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Capsule Endoscopy Demonstrating Blood Sucking Hookworms as A Cause of Obscure Gastrointestinal Bleeding | OMICS International | Abstract
ISSN: 2332-0877

Journal of Infectious Diseases & Therapy
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Case Report

Capsule Endoscopy Demonstrating Blood Sucking Hookworms as A Cause of Obscure Gastrointestinal Bleeding

Varun Gupta*, Praveen Sharma, Ashish Kumar, Vikas Singla, Naresh Bansal, Ravi Daswani and Anil Arora

Institute of Liver, Gastroenterology and Pancreatico-Biliary Sciences, Sir Ganga Ram Hospital, New Delhi, India

*Corresponding Author:
Varun Gupta
Institute of Liver
Gastroenterology and Pancreatico-Biliary Sciences
Sir Ganga Ram Hospital
New Delhi, India
Tel: 91-9810209611
Fax: 98-615-3265361
E-mail: [email protected]

Received Date: March 15, 2017; Accepted Date: March 24, 2017; Published Date: March 27, 2017

Citation: Gupta V, Sharma P, Kumar A, Singla V, Bansal N, et al. (2017) Capsule Endoscopy Demonstrating Blood Sucking Hookworms as A Cause of Obscure Gastrointestinal Bleeding. J Infect Dis Ther 2:315. doi: 10.4172/2332-0877.1000315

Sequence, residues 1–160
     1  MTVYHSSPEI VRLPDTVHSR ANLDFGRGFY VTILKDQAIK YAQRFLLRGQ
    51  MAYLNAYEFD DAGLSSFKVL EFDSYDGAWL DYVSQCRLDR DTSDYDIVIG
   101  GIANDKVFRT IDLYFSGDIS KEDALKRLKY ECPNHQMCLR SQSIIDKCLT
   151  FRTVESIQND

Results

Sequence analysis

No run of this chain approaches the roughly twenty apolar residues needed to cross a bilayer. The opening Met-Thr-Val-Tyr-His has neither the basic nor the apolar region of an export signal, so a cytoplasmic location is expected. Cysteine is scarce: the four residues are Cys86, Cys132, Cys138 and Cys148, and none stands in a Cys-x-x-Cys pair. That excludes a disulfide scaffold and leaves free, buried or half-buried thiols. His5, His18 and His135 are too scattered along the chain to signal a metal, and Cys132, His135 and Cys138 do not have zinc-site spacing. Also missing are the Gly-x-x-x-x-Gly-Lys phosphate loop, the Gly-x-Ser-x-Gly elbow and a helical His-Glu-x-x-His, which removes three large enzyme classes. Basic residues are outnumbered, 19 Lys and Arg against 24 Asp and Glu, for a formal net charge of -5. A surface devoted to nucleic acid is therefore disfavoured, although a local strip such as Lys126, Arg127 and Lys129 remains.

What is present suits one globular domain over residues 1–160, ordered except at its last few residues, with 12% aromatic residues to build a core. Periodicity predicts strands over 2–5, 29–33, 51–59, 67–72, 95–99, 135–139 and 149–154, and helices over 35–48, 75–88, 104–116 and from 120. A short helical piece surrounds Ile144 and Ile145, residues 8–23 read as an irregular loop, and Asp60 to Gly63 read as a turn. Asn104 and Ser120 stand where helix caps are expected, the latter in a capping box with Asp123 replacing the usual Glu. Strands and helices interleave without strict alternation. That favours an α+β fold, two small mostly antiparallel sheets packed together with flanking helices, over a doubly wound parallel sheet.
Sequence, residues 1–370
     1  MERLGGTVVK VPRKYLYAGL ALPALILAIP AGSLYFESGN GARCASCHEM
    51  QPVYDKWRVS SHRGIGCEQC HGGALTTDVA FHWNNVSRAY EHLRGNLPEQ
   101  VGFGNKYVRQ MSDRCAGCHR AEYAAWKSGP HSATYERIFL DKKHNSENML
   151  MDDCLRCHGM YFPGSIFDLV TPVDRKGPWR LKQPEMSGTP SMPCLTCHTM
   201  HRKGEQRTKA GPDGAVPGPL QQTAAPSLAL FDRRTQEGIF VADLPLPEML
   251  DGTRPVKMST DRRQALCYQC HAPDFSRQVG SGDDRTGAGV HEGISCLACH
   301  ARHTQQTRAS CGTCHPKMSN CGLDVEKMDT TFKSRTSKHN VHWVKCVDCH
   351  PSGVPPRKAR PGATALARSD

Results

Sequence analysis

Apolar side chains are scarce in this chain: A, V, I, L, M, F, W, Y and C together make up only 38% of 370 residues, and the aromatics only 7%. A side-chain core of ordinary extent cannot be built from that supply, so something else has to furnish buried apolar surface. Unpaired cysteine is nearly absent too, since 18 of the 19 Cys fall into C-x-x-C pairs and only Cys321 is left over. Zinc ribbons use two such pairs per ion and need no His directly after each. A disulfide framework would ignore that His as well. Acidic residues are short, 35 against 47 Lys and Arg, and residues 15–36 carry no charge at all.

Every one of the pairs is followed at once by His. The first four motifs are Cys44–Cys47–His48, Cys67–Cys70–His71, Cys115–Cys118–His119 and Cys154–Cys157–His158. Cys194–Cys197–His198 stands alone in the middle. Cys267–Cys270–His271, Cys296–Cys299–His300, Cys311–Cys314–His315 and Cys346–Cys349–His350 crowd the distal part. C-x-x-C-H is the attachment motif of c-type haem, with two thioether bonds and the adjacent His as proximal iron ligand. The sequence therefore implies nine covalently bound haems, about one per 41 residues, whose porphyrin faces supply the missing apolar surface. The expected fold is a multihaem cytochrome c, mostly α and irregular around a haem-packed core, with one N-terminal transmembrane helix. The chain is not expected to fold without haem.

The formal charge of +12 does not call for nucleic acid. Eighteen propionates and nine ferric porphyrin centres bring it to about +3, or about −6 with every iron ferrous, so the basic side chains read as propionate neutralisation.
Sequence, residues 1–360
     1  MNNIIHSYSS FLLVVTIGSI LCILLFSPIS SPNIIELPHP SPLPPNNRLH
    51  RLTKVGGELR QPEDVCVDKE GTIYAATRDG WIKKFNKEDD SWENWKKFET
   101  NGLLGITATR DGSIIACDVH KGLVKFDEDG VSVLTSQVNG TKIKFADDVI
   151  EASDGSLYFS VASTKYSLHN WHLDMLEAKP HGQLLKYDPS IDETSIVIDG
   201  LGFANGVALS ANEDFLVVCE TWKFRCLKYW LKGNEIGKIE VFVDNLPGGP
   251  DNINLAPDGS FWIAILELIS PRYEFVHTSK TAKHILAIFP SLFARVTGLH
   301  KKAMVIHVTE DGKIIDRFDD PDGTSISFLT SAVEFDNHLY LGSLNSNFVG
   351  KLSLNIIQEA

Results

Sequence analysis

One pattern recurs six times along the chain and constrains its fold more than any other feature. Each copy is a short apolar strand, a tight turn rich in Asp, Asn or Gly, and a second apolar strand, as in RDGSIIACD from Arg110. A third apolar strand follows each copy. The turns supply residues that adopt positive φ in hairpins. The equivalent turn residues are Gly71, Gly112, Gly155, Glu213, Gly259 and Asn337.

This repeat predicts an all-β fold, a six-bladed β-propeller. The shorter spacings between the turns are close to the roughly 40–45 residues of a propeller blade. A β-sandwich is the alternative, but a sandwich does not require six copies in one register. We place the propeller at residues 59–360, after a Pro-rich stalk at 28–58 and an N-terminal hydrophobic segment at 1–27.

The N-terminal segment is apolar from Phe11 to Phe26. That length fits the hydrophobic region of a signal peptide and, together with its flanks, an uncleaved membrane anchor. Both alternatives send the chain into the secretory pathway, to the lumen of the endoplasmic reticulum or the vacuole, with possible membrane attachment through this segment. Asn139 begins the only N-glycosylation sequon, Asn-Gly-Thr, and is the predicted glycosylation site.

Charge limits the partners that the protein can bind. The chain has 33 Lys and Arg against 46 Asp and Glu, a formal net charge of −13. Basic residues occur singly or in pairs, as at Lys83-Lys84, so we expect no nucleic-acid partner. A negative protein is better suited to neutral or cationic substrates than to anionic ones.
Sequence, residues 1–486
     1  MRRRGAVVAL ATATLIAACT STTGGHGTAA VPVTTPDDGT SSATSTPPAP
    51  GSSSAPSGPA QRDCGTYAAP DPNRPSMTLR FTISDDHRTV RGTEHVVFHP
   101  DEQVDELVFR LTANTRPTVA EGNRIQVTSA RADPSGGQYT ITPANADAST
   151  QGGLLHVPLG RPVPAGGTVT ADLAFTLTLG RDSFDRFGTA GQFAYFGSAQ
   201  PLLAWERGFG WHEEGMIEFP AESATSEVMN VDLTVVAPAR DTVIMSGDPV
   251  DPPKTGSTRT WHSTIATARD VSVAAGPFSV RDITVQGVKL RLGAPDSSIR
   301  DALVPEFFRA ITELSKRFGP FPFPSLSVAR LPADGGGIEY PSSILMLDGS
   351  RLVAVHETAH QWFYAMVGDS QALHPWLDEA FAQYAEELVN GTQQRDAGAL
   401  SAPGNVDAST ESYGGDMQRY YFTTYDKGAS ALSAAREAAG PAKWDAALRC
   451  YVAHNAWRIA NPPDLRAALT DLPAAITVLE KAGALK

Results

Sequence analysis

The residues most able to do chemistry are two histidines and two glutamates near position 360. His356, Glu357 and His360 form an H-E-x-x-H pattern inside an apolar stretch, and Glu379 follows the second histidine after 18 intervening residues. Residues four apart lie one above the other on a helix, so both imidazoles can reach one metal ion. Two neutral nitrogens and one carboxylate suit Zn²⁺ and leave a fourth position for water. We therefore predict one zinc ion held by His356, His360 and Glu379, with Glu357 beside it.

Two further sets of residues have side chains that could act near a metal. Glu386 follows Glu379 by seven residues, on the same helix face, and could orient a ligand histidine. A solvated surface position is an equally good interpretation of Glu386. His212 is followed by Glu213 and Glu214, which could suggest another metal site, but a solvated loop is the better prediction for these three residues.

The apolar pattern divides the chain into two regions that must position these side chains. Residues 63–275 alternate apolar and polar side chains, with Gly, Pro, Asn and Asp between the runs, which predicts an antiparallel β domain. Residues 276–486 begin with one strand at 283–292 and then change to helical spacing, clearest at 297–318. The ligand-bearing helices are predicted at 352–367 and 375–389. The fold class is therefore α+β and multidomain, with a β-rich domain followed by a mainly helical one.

Copyright: © 2017 Gupta V, et al. This is an open-access article distributed under the terms of the Creative Commons Attribution License, which permits unrestricted use, distribution, and reproduction in any medium, provided the original author and source are credited.

Abstract

Hookworm infestation will usually present with iron deficiency anemia. In this report we present a case of obscure overt gastrointestinal bleeding occuring from last two years in a young individual, requiring 50 units of blood transfusion. He was diagnosed with hookworm infection on a capsule endoscopy, which demonstrated dancing worms buried in the mucosa of small bowel and were actively sucking blood. He was treated with a short course of mebendazole and recovered completely. Capsule endoscopy can be useful in diagnosing hookworm infection if other modalities fail.

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